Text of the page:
Moh Ahmed Fails To Improve World Record

By Ben Hamill - October 08 2019

Canadian distance runner Moh Ahmed can’t be too satisfied with his recent performance at this year’s world championships. Despite having put up a stellar and positively tenacious performance of grit and endurance, Ahmed fell all the way back into 6th position in the men’s 10,000 metres event. The runner is the very same long-distance master of the track and field who in 2017 established a brand-new world record time for the event.

Khalifa International Stadium in Doha, Qatar, witnessed the Canadian runner having scooted his way all the up and into second place before sinking back down to 6th place just short of the 1,000 metres to go mark. The total field came to 21 runners in a race described by Ahmed has having been hard and taxing on the system. Ahmed said that he had “felt heavy” right from the beginning of the race.

The runner put the lessons learnt from experience down to his having to learn how to run in unison with a leading pack at the front of any given race. The athlete earlier on in the same week became the very first Canadian runner to win gold in the 5,000-meter World Championships Event.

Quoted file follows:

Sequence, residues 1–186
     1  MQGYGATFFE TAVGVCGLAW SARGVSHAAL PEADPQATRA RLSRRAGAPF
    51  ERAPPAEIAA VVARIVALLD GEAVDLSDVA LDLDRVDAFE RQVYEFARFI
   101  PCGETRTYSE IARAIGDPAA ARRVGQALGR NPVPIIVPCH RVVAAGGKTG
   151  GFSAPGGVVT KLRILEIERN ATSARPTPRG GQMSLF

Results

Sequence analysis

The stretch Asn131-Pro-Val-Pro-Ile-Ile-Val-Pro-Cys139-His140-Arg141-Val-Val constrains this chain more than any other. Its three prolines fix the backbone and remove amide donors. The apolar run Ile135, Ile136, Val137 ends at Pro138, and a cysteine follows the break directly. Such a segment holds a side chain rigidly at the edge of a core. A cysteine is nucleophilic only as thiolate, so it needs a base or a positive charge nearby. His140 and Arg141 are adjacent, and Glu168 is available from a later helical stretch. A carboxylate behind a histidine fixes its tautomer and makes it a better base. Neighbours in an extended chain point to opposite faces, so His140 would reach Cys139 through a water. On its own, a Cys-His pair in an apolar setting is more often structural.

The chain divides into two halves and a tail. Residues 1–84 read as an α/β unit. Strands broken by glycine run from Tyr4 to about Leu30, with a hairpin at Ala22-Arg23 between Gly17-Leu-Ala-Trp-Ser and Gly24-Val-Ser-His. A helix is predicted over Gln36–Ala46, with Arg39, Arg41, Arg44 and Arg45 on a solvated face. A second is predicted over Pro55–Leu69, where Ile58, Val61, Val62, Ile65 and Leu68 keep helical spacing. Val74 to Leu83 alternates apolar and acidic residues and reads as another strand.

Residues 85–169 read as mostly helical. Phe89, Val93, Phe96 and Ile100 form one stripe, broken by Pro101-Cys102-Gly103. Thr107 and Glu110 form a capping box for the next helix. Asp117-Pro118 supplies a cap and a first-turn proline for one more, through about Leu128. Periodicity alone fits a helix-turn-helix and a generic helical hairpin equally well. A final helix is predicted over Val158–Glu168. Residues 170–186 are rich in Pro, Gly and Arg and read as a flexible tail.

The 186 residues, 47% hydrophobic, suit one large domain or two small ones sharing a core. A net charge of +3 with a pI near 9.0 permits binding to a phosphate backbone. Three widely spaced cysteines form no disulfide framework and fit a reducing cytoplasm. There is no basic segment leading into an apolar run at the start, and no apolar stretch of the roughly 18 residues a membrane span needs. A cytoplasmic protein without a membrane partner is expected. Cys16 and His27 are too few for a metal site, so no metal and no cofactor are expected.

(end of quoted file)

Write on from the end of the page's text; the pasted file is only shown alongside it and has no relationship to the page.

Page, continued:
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Up Against Fresh Legs

But according to race analysts, Ahmed having fallen back into 6th place whilst others appeared perfectly strong was the result of some very fresh sets of legs having been present. Those who went on to secure podium positions did not, like Ahmed, pull a double whammy by running the 5,000 as well as the 10,000 metre races. They instead chose a race and stuck with it, unlike Ahmed who really wanted to make the best of the opportunity.

CBC Sports Analyst Dave Moorcraft is convinced that the show is long not nearing an end for Ahmed. Moorcraft commented on the upcoming Tokyo Olympic Games and said that Ahmed, even though the Olympics tend do be great deal more challenging than worlds, has what it takes to really shake things up in Tokyo.

Very Much On His Own

Moorcraft also commented on the fact that unlike the rest of the race participants, Ahmed doesn’t have the support of team-runners to count on. He runs alone and sticks to the inside lane. He does this with great deal more efficiency than before, said the analyst, as well as really having been exercising his ability to concentrate and focus.

All of these traits will serve Canadian runner Moh Ahmed in Tokyo.

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